For the past four years two Western political figures have loomed particularly large in the imaginations of anxious liberals. The first is President Donald Trump, notionally the West’s most powerful populist simply by virtue of the office that he occupies. The second is Prime Minister Viktor Orban of Hungary, probably the West’s most effective populist in terms of the powers he’s consolidated, the opponents he’s routed and the influence he’s claimed over his nation’s political life.
There are good reasons to consider Trump and Orban as parallel figures. They have similar political bases, similar enemies and similar support from the “nationalist international” that has rallied online support for populists the world over. Both are sharp critics of international institutions and liberal politesse, both have cronyist tendencies and insalubrious associations and both have benefited immensely from the failures of the genteel center, the respectable elite.
But there has always been an essential difference between the two men, palpable from the first days of Trump’s administration but thrown into sharp relief by the crisis of the last few months.
Orban is not exactly the autocrat of liberal caricature, but he is a politician profoundly interested in political power and its uses, and he has consolidated enough power for his circle and his party that the liberal alarm around his rule is understandable.
Whereas real political authority, the power to rule and not just to survive, is something that Donald Trump conspicuously does not seem to want.
Consider their differing responses to the coronavirus. In Hungary, its arrival prompted a swift push for a declaration of emergency, passed by a supermajority in Hungary’s parliament, that gave the prime minister extraordinary powers for the duration of the crisis — and left that duration open-ended, a state of exception without a formal end.
What this meant was instantly disputed: Orban’s critics charged that Hungary had crossed the Rubicon into dictatorship; the European Union hemmed and hedged; Orban himself has let be known that he may return the powers to the legislature this month and give “everyone a chance to apologize to Hungary for the unfair charges.” (Hungary, like most of Eastern Europe, has successfully contained the coronavirus for now.)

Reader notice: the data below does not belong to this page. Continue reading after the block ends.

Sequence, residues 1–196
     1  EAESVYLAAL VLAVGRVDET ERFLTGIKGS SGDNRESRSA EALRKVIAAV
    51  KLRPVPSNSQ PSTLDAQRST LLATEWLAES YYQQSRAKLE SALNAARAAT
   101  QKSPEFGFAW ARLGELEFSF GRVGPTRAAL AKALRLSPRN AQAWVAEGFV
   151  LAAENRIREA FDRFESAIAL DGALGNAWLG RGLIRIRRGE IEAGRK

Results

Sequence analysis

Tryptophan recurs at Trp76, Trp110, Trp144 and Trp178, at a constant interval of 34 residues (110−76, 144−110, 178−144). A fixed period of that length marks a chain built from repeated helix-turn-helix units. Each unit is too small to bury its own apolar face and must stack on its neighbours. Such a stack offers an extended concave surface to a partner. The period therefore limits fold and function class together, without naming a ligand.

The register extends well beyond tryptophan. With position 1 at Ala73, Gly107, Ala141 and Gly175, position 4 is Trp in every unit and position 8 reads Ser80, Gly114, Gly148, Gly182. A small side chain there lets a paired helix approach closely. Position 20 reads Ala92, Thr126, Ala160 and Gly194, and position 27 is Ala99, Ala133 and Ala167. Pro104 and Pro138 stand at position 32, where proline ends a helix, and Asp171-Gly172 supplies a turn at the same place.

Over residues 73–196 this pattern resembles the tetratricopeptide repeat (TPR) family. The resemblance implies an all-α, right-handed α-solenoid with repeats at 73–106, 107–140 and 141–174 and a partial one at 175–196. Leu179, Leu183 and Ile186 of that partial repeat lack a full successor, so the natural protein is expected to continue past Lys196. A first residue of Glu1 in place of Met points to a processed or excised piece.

But one need not resolve this argument and decide whether Orban is closer to a Vladimir Putin or a Charles de Gaulle to recognize that he was behaving the way aggressive leaders generally behave in times of crisis — seeking more authority, more space to act against the danger — and then to note the stark contrast with the Trump White House’s response to the same challenge.
The appearance of COVID-19 afforded roughly the same opportunity to Trump that it did to Hungary’s leader: Here was a foreign threat, an invisible enemy that required a robust government response, a danger that arguably vindicated certain nationalist and populist ideas, a situation in which the normal rules of politics could be suspended for public safety’s sake.
For good or ill, in the past such crises have generally led to surges of presidential popularity and consolidations of presidential power, under Democrats and Republicans alike. And the idea that such an emergency would come along during Trump’s administration was exactly the scenario that people alarmed by his ascent most feared — a case of History granting a president temperamentally inclined to authoritarianism a genuine state of exception in which to enact his fantasies of one-man rule.